1. The House. The following chart reviews the independent vote in the polls in the RealClearPolitics average of the generic ballot:

If we assume that undecided independent voters break the way decided independent voters have already broken, then that would yield a 63-37 advantage for Republicans among independents.

What about the party spreads? Let’s assume that the turnout in 2010 will resemble the turnout in 2004, a year in which both party bases were activated. Let’s also assume that both sides do as well with their bases as they did in 2004. Finally, let’s plug that 63-37 Republican advantage among independents into the equation. What do we get?

Note that this scenario gives the Democrats 95 percent of their 2008 partisan strength. In other words, the assumption here is that the Democrats fix most of their enthusiasm problem. Democrats constituted 40 percent of the House electorate in 2008; we are assuming here that they still constitute 38 percent. If the enthusiasm gap that many pollsters are predicting does indeed manifest itself, the GOP advantage would increase, perhaps substantially.

Let’s assume for our purposes here that the Democrats do come home. Even so, a 54-46 popular vote result would result in the largest GOP share of the House vote since 1946. In 1994, the party won 53.5 percent of the two-party vote, and in 1946 it won 54.3 percent. It’s hard to say how many seats this would result in, but it suggests gains in excess of the 1994 haul, when the party caucus expanded to 230 seats (prior to post-election party switchers).

Does the condition of the two parties across the 435 congressional districts support such a conclusion? It does. The RealClearPolitics evaluation of the battle for the House currently lists 39 Democratic seats as tilting toward the Republicans, with another 40 Democrats in toss-up districts. If we give both sides all of their leaners and split the undecideds evenly, that suggests a net pickup of 56 seats for the Republican party.

However, the trendline has been moving against the Democrats for some time. A month ago, allocating all the leaners and half of the tossups to the GOP would have resulted in Republican pickups of 45 seats. It seems unlikely that this movement will not continue.

This, of course, is where political analysis becomes mostly art, so bear that in mind. While matters are still uncertain, and a lot can change in the next week and a half, I am upgrading my estimate of net Republican gains to 61 seats. This would produce a congressional caucus of 240 Republicans, larger than any since 1946.

Democratic losses will be most severe in Arizona, Ohio, and Pennsylvania. Many Democratic casualties will be those Democrats first elected in 2006 and 2008, when the party presented itself as a moderate defender of the middle class. This should serve as a lesson for President Obama, but it probably will not.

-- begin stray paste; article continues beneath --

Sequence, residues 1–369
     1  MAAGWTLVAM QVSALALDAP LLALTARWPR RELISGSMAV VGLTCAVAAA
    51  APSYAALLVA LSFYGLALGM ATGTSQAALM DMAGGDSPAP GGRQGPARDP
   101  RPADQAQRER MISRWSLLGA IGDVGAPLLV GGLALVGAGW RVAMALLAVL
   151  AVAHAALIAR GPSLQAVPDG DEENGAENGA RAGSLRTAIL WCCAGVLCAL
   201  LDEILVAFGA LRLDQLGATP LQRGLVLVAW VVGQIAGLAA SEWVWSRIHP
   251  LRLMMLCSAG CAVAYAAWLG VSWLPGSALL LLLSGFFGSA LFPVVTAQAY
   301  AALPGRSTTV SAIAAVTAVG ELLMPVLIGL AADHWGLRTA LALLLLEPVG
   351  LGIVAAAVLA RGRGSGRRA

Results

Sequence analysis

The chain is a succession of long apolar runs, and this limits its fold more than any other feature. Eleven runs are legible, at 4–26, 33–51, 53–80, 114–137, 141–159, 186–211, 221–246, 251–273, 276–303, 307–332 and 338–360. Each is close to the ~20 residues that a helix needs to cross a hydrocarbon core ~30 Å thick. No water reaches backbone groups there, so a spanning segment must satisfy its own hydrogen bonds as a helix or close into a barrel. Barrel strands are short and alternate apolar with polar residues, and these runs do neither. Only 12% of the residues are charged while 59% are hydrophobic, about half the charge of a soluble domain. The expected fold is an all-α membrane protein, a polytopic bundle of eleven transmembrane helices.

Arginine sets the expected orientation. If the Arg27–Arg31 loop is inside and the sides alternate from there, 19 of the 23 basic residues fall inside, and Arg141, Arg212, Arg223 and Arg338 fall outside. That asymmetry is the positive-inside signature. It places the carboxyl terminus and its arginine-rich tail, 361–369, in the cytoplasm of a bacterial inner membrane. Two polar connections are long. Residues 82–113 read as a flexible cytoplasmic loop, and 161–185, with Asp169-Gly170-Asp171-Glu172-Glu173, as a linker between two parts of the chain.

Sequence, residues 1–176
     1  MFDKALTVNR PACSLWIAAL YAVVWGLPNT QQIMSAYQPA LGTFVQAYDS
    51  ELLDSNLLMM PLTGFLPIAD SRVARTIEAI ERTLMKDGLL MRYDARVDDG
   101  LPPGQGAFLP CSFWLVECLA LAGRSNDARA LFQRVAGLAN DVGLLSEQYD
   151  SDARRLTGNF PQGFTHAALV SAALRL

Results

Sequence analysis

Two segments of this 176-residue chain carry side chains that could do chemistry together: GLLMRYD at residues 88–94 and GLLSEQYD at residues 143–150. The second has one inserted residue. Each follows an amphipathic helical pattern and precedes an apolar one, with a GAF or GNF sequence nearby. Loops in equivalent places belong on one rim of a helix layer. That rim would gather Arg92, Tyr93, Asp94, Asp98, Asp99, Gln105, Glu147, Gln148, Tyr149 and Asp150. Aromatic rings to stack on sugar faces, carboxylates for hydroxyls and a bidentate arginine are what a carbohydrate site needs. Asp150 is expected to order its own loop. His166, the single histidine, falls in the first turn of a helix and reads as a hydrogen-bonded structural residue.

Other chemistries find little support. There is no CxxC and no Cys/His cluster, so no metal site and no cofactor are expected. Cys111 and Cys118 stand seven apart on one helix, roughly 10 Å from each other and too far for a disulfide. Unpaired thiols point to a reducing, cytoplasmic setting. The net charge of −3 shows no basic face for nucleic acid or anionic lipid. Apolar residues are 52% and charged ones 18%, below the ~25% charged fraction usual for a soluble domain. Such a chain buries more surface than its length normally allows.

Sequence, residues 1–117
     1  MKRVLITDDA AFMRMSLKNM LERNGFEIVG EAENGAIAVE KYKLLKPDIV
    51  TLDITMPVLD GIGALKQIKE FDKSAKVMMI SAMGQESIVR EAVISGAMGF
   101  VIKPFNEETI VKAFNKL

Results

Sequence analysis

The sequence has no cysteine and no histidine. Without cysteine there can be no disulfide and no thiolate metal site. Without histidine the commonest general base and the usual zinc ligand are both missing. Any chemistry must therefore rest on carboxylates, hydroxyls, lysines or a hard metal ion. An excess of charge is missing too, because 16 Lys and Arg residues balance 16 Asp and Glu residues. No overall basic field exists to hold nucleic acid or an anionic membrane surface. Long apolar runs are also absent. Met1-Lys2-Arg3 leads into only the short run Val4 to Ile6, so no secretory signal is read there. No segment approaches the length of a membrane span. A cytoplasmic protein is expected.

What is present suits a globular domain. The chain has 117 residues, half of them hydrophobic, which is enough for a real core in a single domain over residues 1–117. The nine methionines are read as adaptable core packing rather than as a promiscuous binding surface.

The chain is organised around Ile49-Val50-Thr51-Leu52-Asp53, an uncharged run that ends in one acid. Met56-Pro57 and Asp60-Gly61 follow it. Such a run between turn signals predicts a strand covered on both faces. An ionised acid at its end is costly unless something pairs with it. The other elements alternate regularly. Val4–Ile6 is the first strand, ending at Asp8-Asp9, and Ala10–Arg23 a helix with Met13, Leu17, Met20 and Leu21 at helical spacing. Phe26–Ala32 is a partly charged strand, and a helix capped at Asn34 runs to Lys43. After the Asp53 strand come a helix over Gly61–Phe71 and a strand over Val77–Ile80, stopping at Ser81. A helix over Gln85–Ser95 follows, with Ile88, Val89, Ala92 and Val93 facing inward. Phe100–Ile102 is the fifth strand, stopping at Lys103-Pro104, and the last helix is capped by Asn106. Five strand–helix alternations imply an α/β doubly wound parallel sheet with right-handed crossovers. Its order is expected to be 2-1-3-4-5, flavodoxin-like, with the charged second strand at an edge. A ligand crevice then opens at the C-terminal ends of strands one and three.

2. The Senate. Senate races have tightened in the last week, so there is less certainty when it comes to the upper chamber. Even so, I think it is appropriate to give Republicans the advantage in all the states where President Obama’s net job approval is squarely in the negative. This suggests Republican pickups in eight states: Arkansas, Colorado, Indiana, Nevada, North Dakota, Pennsylvania, West Virginia, and Wisconsin. I also think Republicans will hold all of their seats up for grabs this year, with Alaska being the most interesting intramural battle in some time. (Were it not for the uncertainty of write in bids, I would favor Murkowski to hold her seat.)

That leaves Republicans needing two victories in four states: California, Connecticut, Illinois, and Washington.

Connecticut seems the hardest for the GOP to pull off, even with Linda McMahon’s deep pockets. In Illinois, Republican Bill Brady will probably be the next governor, thanks to the unpopularity of incumbent Democrat Pat Quinn. This should help Republican Senate nominee Mark Kirk against Democrat Alexi Giannoulias. Kirk is also aided by a large advantage in cash on hand. The most recent polls show him ahead by 2-4 points – and even in the Land of Lincoln, Obama’s job approval is basically split.

As for California and Washington, both incumbent Democrats are under 50 percent, and their Republican challengers have closed the gap in recent days. Barbara Boxer in particular looks to be in bad shape, pulling in just 46 percent of the vote in the RealClearPolitics average. The Fox News poll finds her job approval at a terrible 42 percent. And Obama is probably of little help in either state. Fox News finds his net job approval at a +0 in California and PPP finds it at -2 in Washington.

I think there is a fair chance the Republicans will take 2 of these 3 seats. That would be enough to take the Senate, assuming the other seats hold.

But that’s where the problem is. At this point, Republicans are in striking distance of the Senate majority, but there are still too many races on the bubble – California, Colorado, Illinois, Nevada, Pennsylvania, Washington, and West Virginia – to make that call. The GOP has to go six for seven in these toss-up races. Even though I would give them the edge in most of them, an 86 percent success rate would be no little feat; it would be easy to slip in at least two of these contests.

Until these races firm up, I am sticking with my previous estimate of Republican gains of 8 seats in the Senate.

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